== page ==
As Thomas Oden notes, the confession of sin is now passé and hopelessly outdated to many minds.
Naturalistic reductionism has invited us to reduce alleged individual sins to social influences for which individuals are not responsible. Narcissistic hedonism has demeaned any talk of sin or confession as ungratifying and dysfunctional. Autonomous individualism has divorced sin from a caring community. Absolute relativism has regarded moral values as so ambiguous that there is no measuring rod against which to assess anything as sin. Thus modernity, which is characterized by the confluence of these four ideological streams, has presumed to do away with confession, and has in fact made confession an embarrassment to the accommodating church of modernity.5
The very notion of shame has been discarded by a generation for which shame is an unnecessary and repressive hindrance to personal fulfillment. Even secular observers have noted the shamelessness of modern culture. As James Twitchell comments:
We have in the last generation tried to push shame aside. The human-potential and recovered-memory movements in psychology; the moral relativism of audience-driven Christianity; the penalty-free, all-ideas-are-equally-good transformation in higher education; the rise of no-fault behavior before the law; the often outrageous distortions in the telling of history so that certain groups can feel better about themselves; and the “I’m shame-free, but you should be ashamed of yourself” tone of political discourse are just some of the instances wherein this can be seen.6
Twitchell sees the Christian church aiding and abetting this moral transformation and abandonment of shame—which is, after all, a natural product of sinful behavior. “Looking at the Christian Church today, you can only see a dim pentimento of what was once painted in the boldest of colors. Christianity has simply lost it. It no longer articulates the ideal. Sex is on the loose. Shame days are over. The Devil has absconded with sin.”7 As Twitchell laments, “Go and sin no more” has been replaced with “Judge not lest you be judged.”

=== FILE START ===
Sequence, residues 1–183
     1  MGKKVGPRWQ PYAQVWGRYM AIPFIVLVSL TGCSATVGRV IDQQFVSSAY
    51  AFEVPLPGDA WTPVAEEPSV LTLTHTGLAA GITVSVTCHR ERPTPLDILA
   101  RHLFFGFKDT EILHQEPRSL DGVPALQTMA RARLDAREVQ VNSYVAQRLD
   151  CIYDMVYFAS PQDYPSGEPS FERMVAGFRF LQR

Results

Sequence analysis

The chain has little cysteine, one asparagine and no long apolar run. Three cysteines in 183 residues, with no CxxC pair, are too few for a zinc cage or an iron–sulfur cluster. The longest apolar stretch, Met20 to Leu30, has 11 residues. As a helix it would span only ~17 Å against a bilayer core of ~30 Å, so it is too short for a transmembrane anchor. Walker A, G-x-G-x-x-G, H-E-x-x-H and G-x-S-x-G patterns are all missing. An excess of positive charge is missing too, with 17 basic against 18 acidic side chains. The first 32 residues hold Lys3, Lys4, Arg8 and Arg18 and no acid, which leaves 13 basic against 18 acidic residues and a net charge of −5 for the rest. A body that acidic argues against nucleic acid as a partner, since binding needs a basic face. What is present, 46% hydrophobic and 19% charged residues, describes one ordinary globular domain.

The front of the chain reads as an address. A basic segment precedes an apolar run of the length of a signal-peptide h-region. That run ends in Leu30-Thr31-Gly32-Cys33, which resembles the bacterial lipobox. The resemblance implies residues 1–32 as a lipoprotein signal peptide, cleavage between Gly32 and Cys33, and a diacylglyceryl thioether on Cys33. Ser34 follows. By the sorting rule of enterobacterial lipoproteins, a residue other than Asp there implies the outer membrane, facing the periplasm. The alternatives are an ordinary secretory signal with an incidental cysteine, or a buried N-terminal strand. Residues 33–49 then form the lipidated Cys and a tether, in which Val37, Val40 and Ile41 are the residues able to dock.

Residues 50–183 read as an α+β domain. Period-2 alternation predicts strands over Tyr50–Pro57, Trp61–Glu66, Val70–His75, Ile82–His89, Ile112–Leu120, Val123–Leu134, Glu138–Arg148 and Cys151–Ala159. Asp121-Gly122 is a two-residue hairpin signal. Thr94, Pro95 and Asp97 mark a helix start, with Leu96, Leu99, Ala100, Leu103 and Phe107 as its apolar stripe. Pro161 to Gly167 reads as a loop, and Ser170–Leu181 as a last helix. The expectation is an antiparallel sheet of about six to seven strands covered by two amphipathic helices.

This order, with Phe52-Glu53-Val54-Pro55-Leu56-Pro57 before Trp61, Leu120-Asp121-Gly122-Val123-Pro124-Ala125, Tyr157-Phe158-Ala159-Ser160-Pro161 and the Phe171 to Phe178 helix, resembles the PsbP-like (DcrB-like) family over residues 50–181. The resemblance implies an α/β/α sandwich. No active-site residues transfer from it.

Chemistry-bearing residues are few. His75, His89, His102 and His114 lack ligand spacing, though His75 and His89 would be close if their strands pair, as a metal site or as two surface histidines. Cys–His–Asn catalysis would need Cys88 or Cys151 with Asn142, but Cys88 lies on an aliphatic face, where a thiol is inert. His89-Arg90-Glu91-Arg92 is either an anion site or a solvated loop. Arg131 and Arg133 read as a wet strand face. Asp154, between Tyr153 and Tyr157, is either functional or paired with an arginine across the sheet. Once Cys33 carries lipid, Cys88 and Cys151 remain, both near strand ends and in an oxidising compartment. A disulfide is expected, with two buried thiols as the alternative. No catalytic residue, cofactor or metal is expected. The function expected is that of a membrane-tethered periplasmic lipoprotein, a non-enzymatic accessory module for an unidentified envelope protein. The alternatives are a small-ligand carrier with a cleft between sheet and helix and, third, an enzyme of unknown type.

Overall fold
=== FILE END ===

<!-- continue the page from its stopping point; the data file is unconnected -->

Demonstration of this moral abandonment is seen in mainline Protestantism’s surrender to an ethic of sexual “liberation.” Liberal Protestantism has lost any moral credibility in the sexual sphere. Homosexuality is not condemned, even though it is clearly condemned in the Bible. To the contrary, homosexuals get a special caucus at the denominational assembly and their own publications and special rights.
Evangelicals, though still claiming adherence to biblical standards of morality, have overwhelmingly capitulated to the divorce culture. Where are the evangelical congregations that hold married couples accountable for maintaining their marriage vows? To a great extent, evangelicals are just slightly behind liberal Protestantism in accommodating to the divorce culture and accepting what amounts to “serial monogamy”—faithfulness to one marital partner at a time. This, too, has been noted by secular observers. David Blankenhorn of the Institute for American Values remarked that “over the past three decades, many religious leaders . . . have largely abandoned marriage as a vital area of religious attention, essentially handing the entire matter over to opinion leaders and divorce lawyers in the secular society. Some members of the clergy seem to have lost interest in defending and strengthening marriage. Others report that they worry about offending members of their congregations who are divorced or unmarried.”8
Tied to this worry about offending church members is the rise of the “rights culture,” which understands society only in terms of individual rights rather than moral responsibility. Mary Ann Glendon of the Harvard Law School documents the substitution of “rights talk” for moral discourse.9 Unable or unwilling to deal with moral categories, modern men and women resort to the only moral language they know and understand—the unembarrassed claim to “rights” that society has no authority to limit or deny. This “rights talk” is not limited to secular society, however. Church members are so committed to their own version of “rights talk” that some congregations accept almost any behavior, belief, or “lifestyle” as acceptable, or at least off-limits to congregational sanction.
The result of this is the loss of the biblical pattern for the church—and the impending collapse of authentic Christianity in this generation. As Carl Laney laments, “The church today is suffering from an infection which has been allowed to fester. . . . As an infection weakens the body by destroying its defense mechanisms, so the church has been weakened by this ugly sore. The church has lost its power and effectiveness in serving as a vehicle for social, moral, and spiritual change. This illness is due, at least in part, to a neglect of church discipline.”10
HOLINESS AND THE PEOPLE OF GOD
Throughout the Bible, the people of God are characterized by a distinctive purity. This moral purity is not their own achievement, but the work of God within their midst. As the Lord said to the children of Israel, “I am the Lord your God. Consecrate yourselves and be holy, because I am holy” (Lev. 11:44a).11 Given that they have been chosen by a holy God as a people carrying His own name, God’s chosen people are to reflect His holiness by their way of living, worship, and beliefs.